Figure 1. Serial changes in the stent struts as assessed by IVUS Virtual Histology™ (VH). On the left hand side, greyscale IVUS images are shown at pre-, post-stenting and follow-up. In the central part, their corresponding colour code VH images are depicted. On the right hand side, per-cross section quantification in absolute and relative terms is shown. Of note, increases in “dense calcium” (white) and “necrotic core” (red) are noted after stenting. At follow-up, a change in the stent strut appearance in greyscale IVUS is noted and decreases in the “dense calcium” and “necrotic core” contents in IVUS- VH are detected. Fibrous - green; and fibro-fatty - light green.
Changes from post-stenting to follow-up
Overall, in patients (n=27) with post-stenting and follow-up VH, a significant decrease in “dense calcium” (29.7% vs. 21.1%, p=0.0001) was shown. In 21 out of 27 patients, there was a regression in the “calcified” pattern (Table 2 and Figure 2). The content of “necrotic core” also decreased (26.9% vs. 21.5%, p=0.0027). In turn, both fibro-fatty and fibrous tissue increased in terms of both mean areas and percentages (Table 2 and Figure 1).
Figure 2. Temporal changes in virtual histology tissue types. From top to bottom, the mean percentage of “dense calcium”, “necrotic core”, fibrous tissue and fibro-fatty tissue is reported. Thirteen patients were imaged at pre-, post-stenting and follow-up (red solid lines). A further 14 patients were only imaged at post-stenting and follow-up (black dotted lines).
Intravascular ultrasound palpography
CHANGES FROM PRE- TO POST-STENTING
In 12 patients, IVUS-palpography was performed pre- and post-stenting (Figure 3 and 4). The mean number of frames with ROC III/IV per cm decreased from 1.22±1.91 to 0.12±0.31 (p=0.0781). The mean cumulative strain values in all frames with ROC I-IV scores changed from 0.50±0.27 to 0.20±0.10% (p= 0.0034).
Figure 3. Sequential changes in high-strain values as assessed by IVUS-palpography. Panel A shows an intact plaque with a ROC III spot at 4 o’clock (white arrow). Panel B depicts abolition of this high strain spot following stenting (ROC I). In panel C a slight increase in plaque deformability was documented (ROC II).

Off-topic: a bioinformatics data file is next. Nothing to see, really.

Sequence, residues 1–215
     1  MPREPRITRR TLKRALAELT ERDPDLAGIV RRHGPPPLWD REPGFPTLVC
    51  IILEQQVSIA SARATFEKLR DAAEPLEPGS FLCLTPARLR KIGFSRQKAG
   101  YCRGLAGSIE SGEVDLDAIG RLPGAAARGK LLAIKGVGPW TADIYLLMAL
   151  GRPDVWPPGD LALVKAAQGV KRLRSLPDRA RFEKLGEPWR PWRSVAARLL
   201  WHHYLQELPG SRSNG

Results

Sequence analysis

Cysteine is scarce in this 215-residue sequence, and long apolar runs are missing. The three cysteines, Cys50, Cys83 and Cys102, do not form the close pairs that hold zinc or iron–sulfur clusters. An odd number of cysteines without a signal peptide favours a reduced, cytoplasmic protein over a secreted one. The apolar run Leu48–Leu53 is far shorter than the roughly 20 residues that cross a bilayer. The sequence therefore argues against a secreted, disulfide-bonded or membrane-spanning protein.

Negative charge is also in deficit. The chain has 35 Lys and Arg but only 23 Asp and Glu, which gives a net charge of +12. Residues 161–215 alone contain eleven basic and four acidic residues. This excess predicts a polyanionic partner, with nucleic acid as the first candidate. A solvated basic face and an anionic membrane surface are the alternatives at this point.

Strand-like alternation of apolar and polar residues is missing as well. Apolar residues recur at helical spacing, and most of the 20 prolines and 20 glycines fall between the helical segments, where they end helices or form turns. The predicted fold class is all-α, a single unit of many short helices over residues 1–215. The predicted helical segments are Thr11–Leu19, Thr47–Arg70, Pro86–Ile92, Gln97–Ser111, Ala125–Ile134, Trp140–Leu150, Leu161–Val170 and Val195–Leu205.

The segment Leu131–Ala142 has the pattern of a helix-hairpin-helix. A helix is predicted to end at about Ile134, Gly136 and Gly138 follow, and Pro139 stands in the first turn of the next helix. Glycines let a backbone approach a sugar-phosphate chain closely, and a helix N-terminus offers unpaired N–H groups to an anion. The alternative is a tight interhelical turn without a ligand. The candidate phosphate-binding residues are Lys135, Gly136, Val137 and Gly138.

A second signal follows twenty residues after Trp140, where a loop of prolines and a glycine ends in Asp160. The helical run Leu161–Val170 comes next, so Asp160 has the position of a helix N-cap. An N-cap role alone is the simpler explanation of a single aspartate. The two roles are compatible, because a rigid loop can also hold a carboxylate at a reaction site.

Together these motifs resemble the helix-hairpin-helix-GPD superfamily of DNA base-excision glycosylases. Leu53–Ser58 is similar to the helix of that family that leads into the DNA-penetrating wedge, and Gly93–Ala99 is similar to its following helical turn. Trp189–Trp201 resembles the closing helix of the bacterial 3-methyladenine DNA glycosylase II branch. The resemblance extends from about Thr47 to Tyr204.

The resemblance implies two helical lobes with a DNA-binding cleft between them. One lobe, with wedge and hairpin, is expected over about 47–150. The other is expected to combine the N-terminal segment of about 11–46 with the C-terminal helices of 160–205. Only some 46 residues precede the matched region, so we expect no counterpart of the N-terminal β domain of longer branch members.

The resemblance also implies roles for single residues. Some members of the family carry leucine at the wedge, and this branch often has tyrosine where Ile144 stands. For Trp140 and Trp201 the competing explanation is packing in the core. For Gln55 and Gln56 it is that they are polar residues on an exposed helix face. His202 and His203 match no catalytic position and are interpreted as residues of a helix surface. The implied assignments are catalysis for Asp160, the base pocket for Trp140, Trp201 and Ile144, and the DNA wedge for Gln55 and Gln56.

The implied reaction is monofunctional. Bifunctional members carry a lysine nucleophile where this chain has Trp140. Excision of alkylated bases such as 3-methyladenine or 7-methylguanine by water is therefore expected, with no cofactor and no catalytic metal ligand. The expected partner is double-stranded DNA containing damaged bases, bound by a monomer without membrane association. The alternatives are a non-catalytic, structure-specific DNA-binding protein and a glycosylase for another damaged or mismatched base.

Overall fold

Figure 4. Temporal changes in strain values. The mean cumulative strain values in all frames with ROC I-IV scores are shown. Twelve patients were imaged at pre-, post-stenting and follow-up (red solid lines). Another 13 patients were only imaged at post-stenting and follow-up (black dotted lines). After stenting, abolition of the strain values was noted; however a higher level of plaque deformability was present at follow-up.
CHANGES FROM POST-STENTING TO FOLLOW-UP
In patients (n=25) with post-stenting and follow-up palpography, a slight increase in the mean number frames with ROC III/IV per cm from 0.09±0.26 to 0.22±0.36 (p=0.1563) was observed, while the mean cumulative strain values in all frames with ROC I-IV scores increased significantly from 0.15±0.10 to 0.26±0.12% (p<0.0001) (Figure 3 and 4).
In this substudy of the ABSORB clinical trial the main findings in IVUS-VH were an important increase in “dense calcium” and “necrotic core” immediately after stent implantation and a subsequent decrease of these tissue surrogates at 6 months follow-up; this decrease potentially reflects echogenic alteration of the BVS stent struts. On the palpograms, the almost complete initial abolition of the high strain regions was decreased six months following stent implantation: presumably after partial stent absorption the mean strain values increased again.